Workplace temperature



The temperature of a workplace should be monitored to ensure it is at a reasonable temperature for workers to work comfortably.  The temperatures are covered by the Workplace  (Health, Safety and Welfare) Regulations 1992.  It places a legal obligation on employers to ensure employees are working in a reasonable temperature.

High Workplace Temperatures

Each working environment requires a different climate.  For example, glass works will have a high but safe temperature to work in.  Working in high temperatures can affect your body dramatically.  Because of this, many people may go through heat stress, particularly bakers etc.  However, some people may go through a phase of heat stress during summer months.  Heat stress occurs when the body’s means of controlling its internal temperature begins to fail.  Factors including Humidity, Work Rate and Clothing may lead to heat stress as well as Air Temperature.  Due to these factors it may be fairly difficult for somebody to acknowledge that their is heat stress present in someone.  It is extremely important that each employee is well aware of how to work safely in the heat.

Effects of Heat Stress

Individuals will react differently to heat stress and some people may be more likely to experience it than others.  Below are a few of the symptoms people may experience:

  • Inability to concentrate
  • Heat rash
  • Muscle cramps
  • Fainting
  • Heat stroke
  • Severe thirst
  • Heat exhaustion
 How to reduce the risks

An easy way to reduce the risks would be to manage the climate of the workplace.  This can be done by changing the processes, use fans or air conditioning or use physical barriers that can reduce exposure to radiant heat.  Another way would be by preventing dehydration.  It is very often that people may become dehydrated when working in hot conditions.  This is because the hot temperature causes sweating which helps people stay cool.  However, this will lead to the body losing vital water that will then need replacing.  It is essential that employers provide cool water in the workplace and ensure that employees are frequently drinking.

Minimum temperature in the workplace

There is a suggested minimum temperature from The Approved Code of Practice which is nothing below 16 degrees Celsius.  If the work involved requires  physical effort it should be at least 13 degrees.  These statistics are not legal requirements although it is the employers duty to determine what reasonable comfort will be in the particular circumstances.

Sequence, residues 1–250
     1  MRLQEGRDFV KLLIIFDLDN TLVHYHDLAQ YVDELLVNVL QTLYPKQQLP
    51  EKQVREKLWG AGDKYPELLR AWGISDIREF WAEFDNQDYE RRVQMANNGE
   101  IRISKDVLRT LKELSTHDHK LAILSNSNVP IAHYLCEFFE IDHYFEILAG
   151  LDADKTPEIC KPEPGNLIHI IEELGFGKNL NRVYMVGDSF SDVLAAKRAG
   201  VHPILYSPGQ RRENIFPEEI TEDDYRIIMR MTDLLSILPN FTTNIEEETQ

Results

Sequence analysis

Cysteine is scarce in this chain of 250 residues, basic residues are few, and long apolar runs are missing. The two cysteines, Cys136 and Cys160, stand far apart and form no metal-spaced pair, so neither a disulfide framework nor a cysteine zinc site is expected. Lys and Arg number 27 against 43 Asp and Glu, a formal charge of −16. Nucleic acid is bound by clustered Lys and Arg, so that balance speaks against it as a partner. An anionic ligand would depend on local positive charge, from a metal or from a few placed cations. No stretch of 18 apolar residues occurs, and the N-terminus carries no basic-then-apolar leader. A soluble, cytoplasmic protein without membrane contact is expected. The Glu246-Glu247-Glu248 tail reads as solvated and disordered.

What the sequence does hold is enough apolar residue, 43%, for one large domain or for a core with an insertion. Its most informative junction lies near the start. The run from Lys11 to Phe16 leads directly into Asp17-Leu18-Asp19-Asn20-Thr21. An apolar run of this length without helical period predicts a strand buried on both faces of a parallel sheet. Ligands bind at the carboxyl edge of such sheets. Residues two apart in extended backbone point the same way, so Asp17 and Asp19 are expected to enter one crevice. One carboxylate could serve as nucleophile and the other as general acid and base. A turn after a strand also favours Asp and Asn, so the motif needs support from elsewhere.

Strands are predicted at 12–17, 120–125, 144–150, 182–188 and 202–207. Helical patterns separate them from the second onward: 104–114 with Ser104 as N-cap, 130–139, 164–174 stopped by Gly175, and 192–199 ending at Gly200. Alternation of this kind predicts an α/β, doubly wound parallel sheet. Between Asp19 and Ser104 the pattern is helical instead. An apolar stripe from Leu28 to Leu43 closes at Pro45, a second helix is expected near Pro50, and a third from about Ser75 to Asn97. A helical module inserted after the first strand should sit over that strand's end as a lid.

Indoor workplaces

It is essential that employers provide certain things for their workers.  It is important to make sure they are working in a reasonable temperature preferably 16 degrees in workroom and 13 degrees for strenuous work.  Also, workers should have sufficient space in the work rooms to ensure they are comfortable.  Furthermore, local heating and cooling where a comfortable temperature cannot be maintained throughout each work room is important.

Outdoor workplaces

When working outdoors your welfare is at risk due to the environmental conditions the weather can cause.  The employee working outdoors will be at a higher risk if the risks have never been considered or managed properly.  Impacts may occur over a long period of time or even immediately.  An example would be skin damage, caused by too much exposure to the sun.  Some of these may include sun burn, blistering and skin aging.  Exposure to the sun could also lead to long term problems such as skin cancer.  This type of cancer is one of the most common forms in the UK with a huge amount of cases in a year, reaching up to over 50,000.

In order to reduce unnecessary exposure, follow some of these tips

  • More frequent breaks
  • Taking breaks in the shade whenever possible
  • Scheduling work to cooler times of the day
  • Provide shade where work tasks are undertaken
  • Wearing long sleeve shirts or loose clothing
  • Wearing hats with a wide brim

It is essential that people protect their skin, burn skin is damaged skin!

What to do when people are too hot

There are many simple things you can do to help people stay cool.  Some of these may include things as easy as providing fans, opening windows, providing regular breaks, relaxed dress code, or even just providing cold water.  It is the employers duty to make sure their workers are comfortable.  This could easily be done by following some of the previous simple steps.  Many risks can be avoided if they’re followed such as heat stress, dehydration and dizziness etc.

How can you help people who are too cold?

Helping people who are cold is just as simple as helping people who are too hot.  Being cold can cause many health problems or something just as little as a bad cough.  That’s why it is extremely important to follow tips.  To keep workers comfortable it may be ideal to provide a form of heating for example portable heaters.  You should encourage workers to wear appropriate clothing that’ll help with the cold conditions.  It is completely essential that workers have sufficient breaks to enable them to warm up and have hot drinks.

Workplace temperature is very important and should always be thought about, for more information click here.